"As seen on TV" food choppers like the Magic Bullet Express promise fast, easy results. So does the Ninja.
"Go easily from countertop to table top."
To see if these products can cut it, Consumer Reports tested the Ninja and Magic Bullet Express along with more than 40 other food choppers and processors, including ones from Cuisinart and Kitchenaid.
"Food choppers are typically for smaller jobs, so they're smaller and less expensive. They're designed for chopping foods like garlic, nuts, and herbs," Dan DiClerico said.
You can spend as little as $13 on a chopper like this or as much as $450 for this waring commercial-grade food processor. Testers use a bunch of foods to see how well each performs.
Frozen peas size up puréeing. Nuts assess chopping. Potatoes are used for shredding and mushrooms for slicing.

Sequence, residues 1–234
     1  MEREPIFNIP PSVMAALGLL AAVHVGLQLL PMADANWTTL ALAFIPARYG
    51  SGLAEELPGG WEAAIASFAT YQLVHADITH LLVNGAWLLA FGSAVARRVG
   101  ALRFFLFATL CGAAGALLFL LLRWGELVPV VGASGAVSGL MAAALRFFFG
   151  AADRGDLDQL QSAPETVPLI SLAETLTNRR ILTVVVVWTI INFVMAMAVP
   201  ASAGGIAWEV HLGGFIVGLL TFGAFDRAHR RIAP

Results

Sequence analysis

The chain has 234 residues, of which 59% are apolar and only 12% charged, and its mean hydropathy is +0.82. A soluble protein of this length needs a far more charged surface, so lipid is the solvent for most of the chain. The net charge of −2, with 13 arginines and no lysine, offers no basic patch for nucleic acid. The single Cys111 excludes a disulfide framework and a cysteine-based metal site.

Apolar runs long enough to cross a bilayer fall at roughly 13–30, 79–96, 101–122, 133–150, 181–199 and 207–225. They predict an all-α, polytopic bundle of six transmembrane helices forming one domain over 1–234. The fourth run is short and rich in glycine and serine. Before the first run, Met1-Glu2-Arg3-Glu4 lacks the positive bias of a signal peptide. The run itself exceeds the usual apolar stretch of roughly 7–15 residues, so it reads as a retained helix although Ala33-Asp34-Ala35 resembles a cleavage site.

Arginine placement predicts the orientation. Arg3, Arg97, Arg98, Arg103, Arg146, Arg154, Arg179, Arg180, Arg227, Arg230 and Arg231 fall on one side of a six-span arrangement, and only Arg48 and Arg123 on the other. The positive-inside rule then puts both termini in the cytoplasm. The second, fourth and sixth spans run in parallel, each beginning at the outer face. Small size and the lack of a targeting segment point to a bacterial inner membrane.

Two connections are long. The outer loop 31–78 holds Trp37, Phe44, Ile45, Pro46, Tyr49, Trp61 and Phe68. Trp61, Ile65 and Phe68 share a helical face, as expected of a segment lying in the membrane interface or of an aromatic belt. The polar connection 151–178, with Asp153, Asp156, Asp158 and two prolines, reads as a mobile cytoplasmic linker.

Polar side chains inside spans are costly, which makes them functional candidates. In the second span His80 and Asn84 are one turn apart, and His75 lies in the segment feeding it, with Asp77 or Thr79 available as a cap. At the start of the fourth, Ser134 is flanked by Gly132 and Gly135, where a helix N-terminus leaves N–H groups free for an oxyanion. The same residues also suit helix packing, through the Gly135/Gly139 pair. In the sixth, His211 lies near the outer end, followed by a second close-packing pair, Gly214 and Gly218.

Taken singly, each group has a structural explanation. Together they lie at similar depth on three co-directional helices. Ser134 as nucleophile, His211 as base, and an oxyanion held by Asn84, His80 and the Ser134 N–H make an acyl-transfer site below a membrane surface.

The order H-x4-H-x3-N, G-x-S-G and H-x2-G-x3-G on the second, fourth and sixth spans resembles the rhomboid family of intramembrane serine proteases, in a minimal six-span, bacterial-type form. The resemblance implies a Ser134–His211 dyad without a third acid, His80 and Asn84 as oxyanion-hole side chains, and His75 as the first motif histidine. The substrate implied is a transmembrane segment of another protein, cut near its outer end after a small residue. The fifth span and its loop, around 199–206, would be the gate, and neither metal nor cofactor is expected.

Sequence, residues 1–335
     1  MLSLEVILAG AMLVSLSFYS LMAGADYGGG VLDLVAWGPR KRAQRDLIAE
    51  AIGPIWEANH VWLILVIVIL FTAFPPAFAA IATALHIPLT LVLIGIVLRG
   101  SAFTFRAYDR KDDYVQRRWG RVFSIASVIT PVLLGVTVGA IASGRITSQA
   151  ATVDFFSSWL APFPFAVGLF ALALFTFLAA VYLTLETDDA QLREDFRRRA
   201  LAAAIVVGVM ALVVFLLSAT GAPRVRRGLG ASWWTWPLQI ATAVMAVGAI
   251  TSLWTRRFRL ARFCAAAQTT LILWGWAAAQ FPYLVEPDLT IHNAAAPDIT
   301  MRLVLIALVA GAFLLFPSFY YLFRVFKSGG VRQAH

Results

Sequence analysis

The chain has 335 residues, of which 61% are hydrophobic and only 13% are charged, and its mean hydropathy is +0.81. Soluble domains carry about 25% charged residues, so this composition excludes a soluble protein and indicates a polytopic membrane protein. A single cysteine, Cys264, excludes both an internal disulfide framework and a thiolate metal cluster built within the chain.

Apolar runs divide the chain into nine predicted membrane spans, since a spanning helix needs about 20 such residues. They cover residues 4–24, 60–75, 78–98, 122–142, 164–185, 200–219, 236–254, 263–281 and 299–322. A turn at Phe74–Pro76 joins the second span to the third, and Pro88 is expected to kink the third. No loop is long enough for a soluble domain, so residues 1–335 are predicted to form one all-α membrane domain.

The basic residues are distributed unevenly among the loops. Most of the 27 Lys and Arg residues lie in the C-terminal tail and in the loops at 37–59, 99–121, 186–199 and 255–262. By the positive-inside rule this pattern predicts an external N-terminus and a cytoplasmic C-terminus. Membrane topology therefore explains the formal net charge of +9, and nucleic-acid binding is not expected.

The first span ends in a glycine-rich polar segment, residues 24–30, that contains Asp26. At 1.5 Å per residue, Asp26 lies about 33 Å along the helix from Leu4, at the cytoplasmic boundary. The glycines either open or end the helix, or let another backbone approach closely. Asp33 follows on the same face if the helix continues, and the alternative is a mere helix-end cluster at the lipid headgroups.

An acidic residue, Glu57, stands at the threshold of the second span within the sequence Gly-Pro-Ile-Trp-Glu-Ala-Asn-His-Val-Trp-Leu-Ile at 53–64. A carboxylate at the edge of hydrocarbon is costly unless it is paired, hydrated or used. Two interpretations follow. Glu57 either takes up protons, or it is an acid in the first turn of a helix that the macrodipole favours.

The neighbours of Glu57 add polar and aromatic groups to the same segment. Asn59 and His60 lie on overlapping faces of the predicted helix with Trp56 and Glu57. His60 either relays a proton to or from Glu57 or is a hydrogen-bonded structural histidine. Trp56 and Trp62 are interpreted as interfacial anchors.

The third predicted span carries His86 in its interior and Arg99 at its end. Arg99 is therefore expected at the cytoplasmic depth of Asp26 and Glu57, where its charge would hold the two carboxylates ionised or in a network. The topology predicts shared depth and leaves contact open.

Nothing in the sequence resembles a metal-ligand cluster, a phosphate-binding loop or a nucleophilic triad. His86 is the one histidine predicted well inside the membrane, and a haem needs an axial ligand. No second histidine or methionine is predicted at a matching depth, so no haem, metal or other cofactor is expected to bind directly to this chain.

And cheese challenges grating capability. The bullet express processor left testers with whole peas - not puréed ones.
The Magic Bullet Express chopper puréed very well, but when it came to chopping, it left chunks of nuts and lots of almond dust.
However, the $60 Ninja chopper handled chopping and puréeing with ease, and it grated cheese as well as top-performing food processors.
But if you want a food processor for bigger jobs, testers recommend Cuisinart's 14-cup food processor for $200.
"Our testers loved the larger bowl, the wider feed tube, and there's even a drizzle hole for making things like pesto, mayo, or hummus."
Consumer Reports also recommends the 7-cup Kitchenaid food processor for $100. It's smaller than the recommended Cuisinart, but for half as much, it chops, shreds, and purées impressively.